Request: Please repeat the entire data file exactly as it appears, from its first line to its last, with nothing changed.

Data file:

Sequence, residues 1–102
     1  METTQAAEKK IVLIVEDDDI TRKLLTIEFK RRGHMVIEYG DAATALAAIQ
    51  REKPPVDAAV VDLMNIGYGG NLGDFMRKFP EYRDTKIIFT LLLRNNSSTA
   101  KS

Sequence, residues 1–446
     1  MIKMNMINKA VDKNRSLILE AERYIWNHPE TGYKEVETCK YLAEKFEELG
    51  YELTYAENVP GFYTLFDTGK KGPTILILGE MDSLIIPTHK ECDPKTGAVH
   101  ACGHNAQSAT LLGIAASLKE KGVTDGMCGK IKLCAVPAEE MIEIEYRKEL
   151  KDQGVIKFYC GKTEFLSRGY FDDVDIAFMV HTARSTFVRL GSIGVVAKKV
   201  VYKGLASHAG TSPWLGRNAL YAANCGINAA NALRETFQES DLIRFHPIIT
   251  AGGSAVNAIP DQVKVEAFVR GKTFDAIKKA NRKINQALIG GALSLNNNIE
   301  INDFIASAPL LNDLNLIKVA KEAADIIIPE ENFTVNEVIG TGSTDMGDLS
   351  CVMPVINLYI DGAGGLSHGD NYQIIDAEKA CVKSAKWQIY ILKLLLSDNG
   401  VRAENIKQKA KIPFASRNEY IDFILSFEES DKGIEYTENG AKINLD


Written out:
Sequence, residues 1–102
     1  METTQAAEKK IVLIVEDDDI TRKLLTIEFK RRGHMVIEYG DAATALAAIQ
    51  REKPPVDAAV VDLMNIGYGG NLGDFMRKFP EYRDTKIIFT LLLRNNSSTA
   101  KS

Sequence, residues 1–446
     1  MIKMNMINKA VDKNRSLILE AERYIWNHPE TGYKEVETCK YLAEKFEELG
    51  YELTYAENVP GFYTLFDTGK KGPTILILGE MDSLIIPTHK ECDPKTGAVH
   101  ACGHNAQSAT LLGIAASLKE KGVTDGMCGK IKLCAVPAEE MIEIEYRKEL
   151  KDQGVIKFYC GKTEFLSRGY FDDVDIAFMV HTARSTFVRL GSIGVVAKKV
   201  VYKGLASHAG TSPWLGRNAL YAANCGINAA NALRETFQES DLIRFHPIIT
   251  AGGSAVNAIP DQVKVEAFVR GKTFDAIKKA NRKINQALIG GALSLNNNIE
   301  INDFIASAPL LNDLNLIKVA KEAADIIIPE ENFTVNEVIG TGSTDMGDLS
   351  CVMPVINLYI DGAGGLSHGD NYQIIDAEKA CVKSAKWQIY ILKLLLSDNG
   401  VRAENIKQKA KIPFASRNEY IDFILSFEES DKGIEYTENG AKINLD